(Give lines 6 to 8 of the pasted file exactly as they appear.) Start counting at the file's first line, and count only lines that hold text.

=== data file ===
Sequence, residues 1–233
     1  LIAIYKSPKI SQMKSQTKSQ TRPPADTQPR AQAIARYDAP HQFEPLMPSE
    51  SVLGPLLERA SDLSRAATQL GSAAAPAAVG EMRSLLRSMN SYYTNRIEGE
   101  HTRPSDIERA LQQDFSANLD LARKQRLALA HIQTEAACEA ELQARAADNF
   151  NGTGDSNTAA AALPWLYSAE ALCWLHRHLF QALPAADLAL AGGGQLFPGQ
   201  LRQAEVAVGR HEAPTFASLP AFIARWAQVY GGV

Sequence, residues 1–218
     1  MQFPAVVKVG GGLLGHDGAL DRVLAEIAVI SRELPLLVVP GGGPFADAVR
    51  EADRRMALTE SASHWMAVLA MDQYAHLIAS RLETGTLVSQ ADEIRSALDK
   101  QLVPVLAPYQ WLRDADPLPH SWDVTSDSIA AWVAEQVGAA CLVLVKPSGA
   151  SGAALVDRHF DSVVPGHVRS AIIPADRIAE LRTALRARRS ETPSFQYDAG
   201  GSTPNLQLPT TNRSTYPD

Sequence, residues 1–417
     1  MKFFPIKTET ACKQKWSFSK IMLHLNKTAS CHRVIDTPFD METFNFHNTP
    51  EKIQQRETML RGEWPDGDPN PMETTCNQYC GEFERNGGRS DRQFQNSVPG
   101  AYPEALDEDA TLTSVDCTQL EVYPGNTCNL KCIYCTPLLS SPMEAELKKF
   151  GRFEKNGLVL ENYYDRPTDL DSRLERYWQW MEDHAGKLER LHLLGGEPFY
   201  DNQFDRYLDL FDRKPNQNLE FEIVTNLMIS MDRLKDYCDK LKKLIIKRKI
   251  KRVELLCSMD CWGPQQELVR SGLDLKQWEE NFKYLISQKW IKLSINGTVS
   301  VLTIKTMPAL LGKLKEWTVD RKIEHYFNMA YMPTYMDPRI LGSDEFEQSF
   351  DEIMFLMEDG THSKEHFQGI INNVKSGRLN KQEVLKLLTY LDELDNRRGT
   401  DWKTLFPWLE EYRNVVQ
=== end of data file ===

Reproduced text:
   201  LRQAEVAVGR HEAPTFASLP AFIARWAQVY GGV

Sequence, residues 1–218
     1  MQFPAVVKVG GGLLGHDGAL DRVLAEIAVI SRELPLLVVP GGGPFADAVR